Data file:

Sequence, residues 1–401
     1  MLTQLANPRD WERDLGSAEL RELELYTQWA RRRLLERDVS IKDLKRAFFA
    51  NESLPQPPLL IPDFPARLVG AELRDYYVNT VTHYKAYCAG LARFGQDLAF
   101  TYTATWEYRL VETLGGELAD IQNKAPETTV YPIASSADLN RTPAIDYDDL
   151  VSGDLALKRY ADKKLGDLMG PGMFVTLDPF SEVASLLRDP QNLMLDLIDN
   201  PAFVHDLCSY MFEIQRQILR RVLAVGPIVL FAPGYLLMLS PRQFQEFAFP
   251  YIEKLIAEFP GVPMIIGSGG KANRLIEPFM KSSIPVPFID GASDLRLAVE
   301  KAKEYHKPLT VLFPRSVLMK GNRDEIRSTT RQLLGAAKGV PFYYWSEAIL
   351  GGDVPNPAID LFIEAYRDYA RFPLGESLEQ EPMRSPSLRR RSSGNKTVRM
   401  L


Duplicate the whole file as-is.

Sequence, residues 1–401
     1  MLTQLANPRD WERDLGSAEL RELELYTQWA RRRLLERDVS IKDLKRAFFA
    51  NESLPQPPLL IPDFPARLVG AELRDYYVNT VTHYKAYCAG LARFGQDLAF
   101  TYTATWEYRL VETLGGELAD IQNKAPETTV YPIASSADLN RTPAIDYDDL
   151  VSGDLALKRY ADKKLGDLMG PGMFVTLDPF SEVASLLRDP QNLMLDLIDN
   201  PAFVHDLCSY MFEIQRQILR RVLAVGPIVL FAPGYLLMLS PRQFQEFAFP
   251  YIEKLIAEFP GVPMIIGSGG KANRLIEPFM KSSIPVPFID GASDLRLAVE
   301  KAKEYHKPLT VLFPRSVLMK GNRDEIRSTT RQLLGAAKGV PFYYWSEAIL
   351  GGDVPNPAID LFIEAYRDYA RFPLGESLEQ EPMRSPSLRR RSSGNKTVRM
   401  L